Dispatches from the Creation Wars

Bobby Knight’s Legacy

A major record in college basketball has been broken as Bobby Knight yesterday reached 880 wins, passing Dean Smith to become the all time leader in games won in men’s college basketball. I got to catch Knight’s postgame press conference and it was what I expected from him, curmudgeonly and acerbic but with a great deal of respect for the people who helped make him who he is and helped him achieve that goal, from legendary coaches like Claire Bee and Red Auerbach to the guy who drove the team bus at West Point. And it was clear that, despite his recent denials that breaking that record was important, doing so really meant something to him. It certainly should.

Knight will always be a controversial figure for reasons that are all his own doing. I don’t think anyone, including him, would deny that he has had some anger problems and that he’s pretty authoritarian in the way he does things. I don’t think anyone, including him, would deny that he’s done a few things that deserved rebuke and that he should regret. By the same token, I don’t think any reasonable person could deny that he is one of the great coaches and motivators, not only in college basketball but in any sport. His name will justifiably be mentioned alongside names like Bear Bryant, Scotty Bowman, Phil Jackson, and Vince Lombardi.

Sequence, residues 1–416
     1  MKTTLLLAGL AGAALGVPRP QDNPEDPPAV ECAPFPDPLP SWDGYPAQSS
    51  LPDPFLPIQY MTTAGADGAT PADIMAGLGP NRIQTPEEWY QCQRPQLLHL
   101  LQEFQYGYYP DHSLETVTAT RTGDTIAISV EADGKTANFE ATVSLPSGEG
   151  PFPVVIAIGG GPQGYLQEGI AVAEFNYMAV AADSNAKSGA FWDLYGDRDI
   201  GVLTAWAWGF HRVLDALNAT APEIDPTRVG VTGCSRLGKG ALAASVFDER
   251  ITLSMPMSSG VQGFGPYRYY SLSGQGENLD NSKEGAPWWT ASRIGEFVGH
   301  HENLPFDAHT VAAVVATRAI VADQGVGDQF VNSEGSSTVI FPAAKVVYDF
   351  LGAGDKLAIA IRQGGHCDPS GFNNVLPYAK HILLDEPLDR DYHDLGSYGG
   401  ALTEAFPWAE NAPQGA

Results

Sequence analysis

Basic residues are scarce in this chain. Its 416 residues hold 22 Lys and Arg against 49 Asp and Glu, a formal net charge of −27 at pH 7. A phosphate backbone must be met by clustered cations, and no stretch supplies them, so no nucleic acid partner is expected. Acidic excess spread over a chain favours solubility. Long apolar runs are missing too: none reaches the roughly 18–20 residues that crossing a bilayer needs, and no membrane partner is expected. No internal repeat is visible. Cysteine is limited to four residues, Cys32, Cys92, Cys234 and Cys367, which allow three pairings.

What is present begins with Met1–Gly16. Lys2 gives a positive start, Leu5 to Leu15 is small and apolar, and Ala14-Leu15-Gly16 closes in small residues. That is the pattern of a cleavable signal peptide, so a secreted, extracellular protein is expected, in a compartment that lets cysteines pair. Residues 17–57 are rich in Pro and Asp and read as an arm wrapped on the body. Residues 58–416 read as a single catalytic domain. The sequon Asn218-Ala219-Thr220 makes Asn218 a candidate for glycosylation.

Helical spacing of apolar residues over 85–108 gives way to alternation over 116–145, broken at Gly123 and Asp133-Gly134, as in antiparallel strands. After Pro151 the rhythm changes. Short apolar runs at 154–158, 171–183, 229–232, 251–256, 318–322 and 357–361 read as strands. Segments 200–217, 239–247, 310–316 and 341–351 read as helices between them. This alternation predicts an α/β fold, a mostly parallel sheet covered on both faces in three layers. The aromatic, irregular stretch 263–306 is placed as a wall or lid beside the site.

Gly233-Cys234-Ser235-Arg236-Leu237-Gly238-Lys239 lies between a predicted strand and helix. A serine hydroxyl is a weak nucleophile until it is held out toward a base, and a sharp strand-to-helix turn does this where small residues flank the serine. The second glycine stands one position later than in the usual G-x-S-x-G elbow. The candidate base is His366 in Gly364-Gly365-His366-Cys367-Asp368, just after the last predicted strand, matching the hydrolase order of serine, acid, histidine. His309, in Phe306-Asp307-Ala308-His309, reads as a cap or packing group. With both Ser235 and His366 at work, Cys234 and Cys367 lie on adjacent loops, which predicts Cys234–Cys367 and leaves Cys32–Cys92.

He started as a player at Ohio State in the late 50s and early 60s where he was teammates with John Havlicek and Jerry Lucas, both also hall of fame players. In 1965 he became the head coach at Army, where his first point guard was a kid named Mike Krzyzewski, now of course known as Coach K. Knight went on to Indiana University, where he would win 3 national championships and win nearly 700 games. As a college basketball fan growing up in Big Ten country, I have always loved watching his teams play.